There is no problem with Bush saying China should be more like Taiwan and learn from Taiwan. See, if Taiwan is part of China (and notice that Bush used the words Chinese to describe Taiwan’s society) then why shouldn’t they be able to learn from Taiwan?
You know what would really anger the Chinese? Tell them to learn from Japan or Korea.
In any case, I would strongly suggest to not rely on Balloon Juice for any analysis of Taiwan-China-US relations.
Oh, and the US owes China money. Yes. But I rather suspect that gives us some power over them as well…if they ever want to see their money back. Do you think we should kiss their butts instead, since we owe them money? LOL.
Sure, a default would be horrendous for both sides, but they keep buying T-bonds to sterilize their balance of payment. Otherwise the yuan would shoot up (well, no it can’t so then it would converts to inflation and other distortions.)
And for some historical perspective, many people were very critical of Clinton’s caving in to the Chinese during his visits there.
People in Taiwan were very bitter about Clinton then…
Members of Congress pressure the Clinton administration into issuing a visa allowing Taiwan’s President Lee Teng-hui to make a four-day visit to Los Angeles and Ithaca, New York, where he gives a speech at his alma mater, Cornell University. Although President Lee’s trip is billed as a “private” visit, angry Chinese officials recall their ambassador from Washington in protest.
In the months following President Lee’s visit, the Chinese military begins conducting exercises in the Taiwan Strait. They fire short-range missiles and stage live-fire war games and air exercises between July and November.]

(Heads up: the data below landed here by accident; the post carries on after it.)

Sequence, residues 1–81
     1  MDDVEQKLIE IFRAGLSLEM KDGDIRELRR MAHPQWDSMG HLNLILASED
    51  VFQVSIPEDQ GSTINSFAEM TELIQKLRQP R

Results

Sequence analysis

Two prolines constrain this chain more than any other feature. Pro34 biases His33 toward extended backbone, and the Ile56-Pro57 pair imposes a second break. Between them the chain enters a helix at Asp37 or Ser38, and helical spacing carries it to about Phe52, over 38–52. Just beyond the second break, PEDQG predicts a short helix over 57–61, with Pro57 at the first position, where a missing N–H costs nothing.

–I assume Tim F was angry about this, too. Imagine the nerve of Clinton to anger our creditors!
Okay, enoughg anger from me…must calm down…bye bye
Aaron your grasp of world finances is quite …errr… interesting. If China ever decided not to buy our T-Bills we would be in a world of hurt. We are giving them a lot of power over our economic well being. Kiss their asses? No, but piss them off in their own country when they are hosting our President?
Right! Because as soon as Reagan said that, Gorbachev raced over and tore down the wall himself with his bare hands.
Sure, the “historians” will tell you that it was more of an ongoing process of decades of internal economic decline and corruption inside the Soviet Union that led to the repeal of the Brezhnev Doctrine in 1989 and then the opening of Hungary’s western border, the sudden flight of East Germans through it, and then the realization among the East German leadership that they had no choice but to tear down the wall … but they’re kooks.
The power of Reagan’s voice and will was all that mattered.
I think we should suck up to China, and encourage them to basically butt rape, er, I mean assert legitimate national prerogatives over the Taiwanese the way they’ve done with Tibet, and come to think about it, pretty much anybody who has pissed off the Chinese, um, workers paradise kinda government thingy over the years. And anybody who says anything about it is just stupid and should be shot. This administration is a miserable failure, what with standing up to China and telling them we’d like to see more freedom of speech and voting rights. Miserable failure. Next thing you know they’ll be calling for free elections in Iraq, Syria, and Egypt. Stupid bastards, it’s going to cause no end of trouble. I’m so embarassed for my country today.
I was going to say what Jason said… he said it better than I would have. They complained about Reagan but he did the right thing. BTW… Donald Trump once explained that if you owe enough money to some institution, you have as much leverage over them as they do over you. They can’t afford for you to fail to repay.